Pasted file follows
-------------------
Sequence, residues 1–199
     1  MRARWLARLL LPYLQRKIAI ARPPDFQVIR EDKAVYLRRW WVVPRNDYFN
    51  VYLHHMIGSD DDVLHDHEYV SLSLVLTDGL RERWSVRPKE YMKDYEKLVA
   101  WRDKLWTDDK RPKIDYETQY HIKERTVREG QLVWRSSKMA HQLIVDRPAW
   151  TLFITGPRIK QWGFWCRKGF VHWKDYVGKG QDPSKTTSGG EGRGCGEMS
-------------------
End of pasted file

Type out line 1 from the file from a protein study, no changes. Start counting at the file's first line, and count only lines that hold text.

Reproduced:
Sequence, residues 1–199